Next week I’ll be heading (along with around 30000 of my closest friends) to San Francisco for the epicness that is DreamForce. It’s the first year I’ll be attending the event in person, having followed it remotely in its previous incarnations. In the next couple of days I ‘m going to be briefed under embargo about the product announcements that are coming up from salesforce – but I thought I’d do some crystal ball gazing as to what’s in the offing. Good friend and fellow commentator Sameer Patel has already taken a stab at this – given his collaboration-centricity it’s no surprise he’s focused on Chatter somewhat – Sameer’s predictions were;
- Some good stories about what people are actually doing with Chatter, beyond the arm waving talk of user numbers
- More penetration of force.com for particular industry problems (Patel gives the example of FinancialForce and Chatterbox)
- SocialCRM integration (think intergation of external conversations with the salesforce tool)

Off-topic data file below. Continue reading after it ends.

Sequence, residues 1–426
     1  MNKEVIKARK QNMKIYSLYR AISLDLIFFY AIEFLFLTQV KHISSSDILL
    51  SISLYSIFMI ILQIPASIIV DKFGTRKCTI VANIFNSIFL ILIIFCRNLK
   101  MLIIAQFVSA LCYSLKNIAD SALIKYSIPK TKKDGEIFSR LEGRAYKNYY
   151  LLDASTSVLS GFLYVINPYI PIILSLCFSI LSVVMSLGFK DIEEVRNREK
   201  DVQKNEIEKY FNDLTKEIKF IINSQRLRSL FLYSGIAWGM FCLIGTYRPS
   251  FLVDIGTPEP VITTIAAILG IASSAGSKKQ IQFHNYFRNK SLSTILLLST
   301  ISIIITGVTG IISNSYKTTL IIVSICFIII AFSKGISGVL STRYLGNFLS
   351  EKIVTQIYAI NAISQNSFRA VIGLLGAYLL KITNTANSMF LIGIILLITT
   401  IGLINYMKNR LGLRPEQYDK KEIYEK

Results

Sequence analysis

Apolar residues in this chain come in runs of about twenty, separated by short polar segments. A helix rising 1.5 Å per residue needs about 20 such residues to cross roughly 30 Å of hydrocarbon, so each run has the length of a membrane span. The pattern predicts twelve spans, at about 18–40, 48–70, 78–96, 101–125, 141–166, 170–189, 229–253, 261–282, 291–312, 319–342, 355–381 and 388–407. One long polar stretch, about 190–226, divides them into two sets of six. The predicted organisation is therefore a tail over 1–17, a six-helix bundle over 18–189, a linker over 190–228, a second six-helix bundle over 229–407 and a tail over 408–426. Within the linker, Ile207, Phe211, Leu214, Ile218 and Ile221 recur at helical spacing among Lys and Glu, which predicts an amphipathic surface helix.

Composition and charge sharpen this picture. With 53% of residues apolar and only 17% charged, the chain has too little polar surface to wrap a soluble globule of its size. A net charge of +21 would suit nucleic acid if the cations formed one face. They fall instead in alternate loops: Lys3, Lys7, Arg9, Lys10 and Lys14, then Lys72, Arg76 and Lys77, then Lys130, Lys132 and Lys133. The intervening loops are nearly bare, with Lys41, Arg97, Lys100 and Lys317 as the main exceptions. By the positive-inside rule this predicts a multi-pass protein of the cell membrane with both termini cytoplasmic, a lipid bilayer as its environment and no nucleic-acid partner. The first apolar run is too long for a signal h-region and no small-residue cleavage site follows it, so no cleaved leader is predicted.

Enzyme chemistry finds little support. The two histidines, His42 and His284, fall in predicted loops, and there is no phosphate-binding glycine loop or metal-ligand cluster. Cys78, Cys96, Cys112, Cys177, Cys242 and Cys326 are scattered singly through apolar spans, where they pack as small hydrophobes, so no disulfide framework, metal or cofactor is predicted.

- A deep dive into how the product really stacks up against the broader social software market
So what do I see coming out of DreamForce?
Chatter as a land and expand
When Chatter was first announced at DreamForce, it was met with significant commentary – half of that commentary was simply reiterating Benioff’s aspirational, kool-aide fuelled talk about the social revolution, Facebook for the enterprise and other such hyperbole. The other half were the more circumspect commentators who, while positive about salesforce’s moves in this area, questioned how broad uptake would really be and how applicable a CRM-centric social tool was to a whole-of-enterprise deployment. It didn’t help that, to a certain extent, Chatter was vaporware that didn’t really release until a significant time had passed post DreamForce.
Since then we’ve seen some interesting moves – salesforce has finally released Chatter to general availability and on a recent earnings call, Benioff let slip that salesforce would be releasing a stripped down Chatter that would be available for free. As he said on the call;